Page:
Got curious about your name and checked your profile. How ironic: I used to do warm glass too! Still have the equipment and kiln as well as a lot of BE glass. I loved doing it and was doing well. Unfortunately, an accident damaged my shoulder and I'm unable to cut glass because of the kind of pressure it puts on it. That's when I took up weaving after many years away from it. I still get my color and texture fix, and the fun of hanging with wool folks!

Morticia in France said...

Hi Annie,
I am so pleased to have found your excellent warping method.
I have recently been given a very old, roughly 1850, 4 shaft floor loom, it was once my great grandmothers. I am very new to weaving and especially warping gives me a few problems. I have a new warp to be added to the old remaining warp so I will definitely try your secret method.
Thank you.
Suzie B. in France

Annie Delyth Stratton said...

Suzie ,I confess I happily lifted the idea from others! It's amazing the variety of techniques weavers have developed to make warping a loom by oneself possible. We are indeed a creative lot. I am envious that you have the great fortune to weave on a loom once used by your great grandmother! Old looms are treasures, but more so when they have such a personal history. Please let me know how it goes. I need to warp up again and update this blog-- or post more of my spinning!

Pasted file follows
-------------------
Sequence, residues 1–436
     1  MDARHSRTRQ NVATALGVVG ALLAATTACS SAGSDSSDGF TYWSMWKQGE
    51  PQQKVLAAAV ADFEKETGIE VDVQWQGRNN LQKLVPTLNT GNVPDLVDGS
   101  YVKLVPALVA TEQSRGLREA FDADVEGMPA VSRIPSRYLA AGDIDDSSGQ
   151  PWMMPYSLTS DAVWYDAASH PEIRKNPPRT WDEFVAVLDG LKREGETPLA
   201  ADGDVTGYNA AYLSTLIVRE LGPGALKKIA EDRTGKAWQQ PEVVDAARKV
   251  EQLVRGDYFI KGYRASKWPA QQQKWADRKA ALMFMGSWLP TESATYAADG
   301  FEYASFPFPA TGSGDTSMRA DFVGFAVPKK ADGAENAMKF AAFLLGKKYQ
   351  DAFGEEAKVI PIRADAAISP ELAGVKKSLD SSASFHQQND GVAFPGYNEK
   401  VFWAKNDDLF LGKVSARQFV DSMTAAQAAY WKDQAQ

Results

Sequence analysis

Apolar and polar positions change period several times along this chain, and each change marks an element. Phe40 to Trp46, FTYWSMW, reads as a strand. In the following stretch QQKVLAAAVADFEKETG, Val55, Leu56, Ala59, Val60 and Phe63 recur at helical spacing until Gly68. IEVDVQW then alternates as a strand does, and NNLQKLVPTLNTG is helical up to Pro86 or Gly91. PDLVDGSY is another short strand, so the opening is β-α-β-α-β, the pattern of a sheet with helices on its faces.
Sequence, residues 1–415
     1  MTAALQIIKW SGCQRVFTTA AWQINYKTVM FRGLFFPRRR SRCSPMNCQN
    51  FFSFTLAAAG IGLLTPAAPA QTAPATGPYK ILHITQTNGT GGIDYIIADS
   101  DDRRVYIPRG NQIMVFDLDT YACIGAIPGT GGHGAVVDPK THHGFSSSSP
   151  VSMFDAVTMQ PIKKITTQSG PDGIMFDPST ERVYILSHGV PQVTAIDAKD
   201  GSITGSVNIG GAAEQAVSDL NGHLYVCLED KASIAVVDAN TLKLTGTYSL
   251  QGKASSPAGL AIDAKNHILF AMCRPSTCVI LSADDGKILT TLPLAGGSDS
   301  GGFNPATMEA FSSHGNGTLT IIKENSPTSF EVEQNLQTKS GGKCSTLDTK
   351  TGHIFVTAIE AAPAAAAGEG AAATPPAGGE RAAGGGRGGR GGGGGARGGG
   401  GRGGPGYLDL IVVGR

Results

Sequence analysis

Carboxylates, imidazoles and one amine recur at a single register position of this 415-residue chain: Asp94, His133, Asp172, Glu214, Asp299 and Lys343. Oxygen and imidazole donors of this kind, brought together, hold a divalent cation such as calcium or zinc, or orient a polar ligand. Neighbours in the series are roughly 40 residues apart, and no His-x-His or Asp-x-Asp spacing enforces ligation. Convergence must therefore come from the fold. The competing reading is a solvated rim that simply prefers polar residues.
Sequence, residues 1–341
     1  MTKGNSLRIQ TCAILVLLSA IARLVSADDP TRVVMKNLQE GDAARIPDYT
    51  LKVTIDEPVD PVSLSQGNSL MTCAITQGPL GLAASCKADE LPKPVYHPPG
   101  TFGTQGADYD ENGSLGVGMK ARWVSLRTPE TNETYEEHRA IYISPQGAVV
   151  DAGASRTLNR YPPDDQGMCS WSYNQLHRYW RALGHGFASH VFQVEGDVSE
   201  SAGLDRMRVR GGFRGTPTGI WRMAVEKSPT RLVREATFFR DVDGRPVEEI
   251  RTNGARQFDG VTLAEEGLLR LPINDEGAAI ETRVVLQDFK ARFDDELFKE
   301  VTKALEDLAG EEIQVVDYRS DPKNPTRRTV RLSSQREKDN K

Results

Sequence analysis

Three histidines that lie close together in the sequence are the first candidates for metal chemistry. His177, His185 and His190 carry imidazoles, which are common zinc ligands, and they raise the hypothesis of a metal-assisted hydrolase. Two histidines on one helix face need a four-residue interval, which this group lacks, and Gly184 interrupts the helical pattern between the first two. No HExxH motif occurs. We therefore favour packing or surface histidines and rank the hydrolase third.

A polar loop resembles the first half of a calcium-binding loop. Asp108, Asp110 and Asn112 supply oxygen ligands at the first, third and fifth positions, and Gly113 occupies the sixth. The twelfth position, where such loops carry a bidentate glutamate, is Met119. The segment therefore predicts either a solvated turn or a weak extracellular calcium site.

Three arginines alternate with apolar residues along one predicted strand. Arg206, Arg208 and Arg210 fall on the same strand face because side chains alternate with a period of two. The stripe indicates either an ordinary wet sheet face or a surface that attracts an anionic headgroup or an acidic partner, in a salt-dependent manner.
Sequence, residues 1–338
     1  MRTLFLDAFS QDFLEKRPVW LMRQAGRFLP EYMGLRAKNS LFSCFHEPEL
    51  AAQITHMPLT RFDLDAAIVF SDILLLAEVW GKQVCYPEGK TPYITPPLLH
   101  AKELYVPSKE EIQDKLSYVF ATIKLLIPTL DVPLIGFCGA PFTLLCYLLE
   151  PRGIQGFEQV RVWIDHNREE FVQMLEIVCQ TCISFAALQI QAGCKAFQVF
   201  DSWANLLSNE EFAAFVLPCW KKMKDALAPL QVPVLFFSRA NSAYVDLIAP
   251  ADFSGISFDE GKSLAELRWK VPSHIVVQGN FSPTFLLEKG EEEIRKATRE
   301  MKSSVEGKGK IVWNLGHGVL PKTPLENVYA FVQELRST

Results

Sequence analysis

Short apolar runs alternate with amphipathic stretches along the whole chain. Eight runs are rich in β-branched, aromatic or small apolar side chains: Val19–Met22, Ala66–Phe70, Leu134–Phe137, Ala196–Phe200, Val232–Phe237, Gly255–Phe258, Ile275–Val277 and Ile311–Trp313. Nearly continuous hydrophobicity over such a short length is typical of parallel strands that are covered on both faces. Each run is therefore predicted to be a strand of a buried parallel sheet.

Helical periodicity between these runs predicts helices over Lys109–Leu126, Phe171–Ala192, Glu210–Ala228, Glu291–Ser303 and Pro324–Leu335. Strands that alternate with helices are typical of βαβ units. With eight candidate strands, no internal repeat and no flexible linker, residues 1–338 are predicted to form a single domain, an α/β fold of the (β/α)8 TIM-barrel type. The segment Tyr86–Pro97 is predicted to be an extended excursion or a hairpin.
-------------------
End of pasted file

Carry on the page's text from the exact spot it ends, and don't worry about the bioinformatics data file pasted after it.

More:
Morticia in France said...

Hi again Annie,
I managed to get the new warp onto the loom and I have just finished the last set of curtains, I am quite pleased with them. there is so much I need to learn, the actual weaving is such a small part of the process.
I have just purchased a small, second-hand Glimakra Hobby floor loom, not quite half the size of my old one and am hoping that this will be a learning tool, I bought Deborah Chandler's book on Learning to Weave and have just dressing the loom to start on the lessons
Best wishes
Suzie B3064

Annie Delyth Stratton said...

Suzie, I am so impressed that you wove curtains! You said "last set"-- how many did you weave?! I'd love to see photos. Let me know if you post them.

You are so right that the actual weaving is only a small part of the whole process-- designing, charting, selecting materials, warping up (many steps to that alone!), and then finishing. But it is so satisfying.

I envy you your Glimakra loom! I would love to have a narrower loom to do most of my work on, one with at least 8 heddles so I could try out more complex weaving patterns.

Debbie Chandler's book is an excellent one- I refer to my copy frequently. Have fun!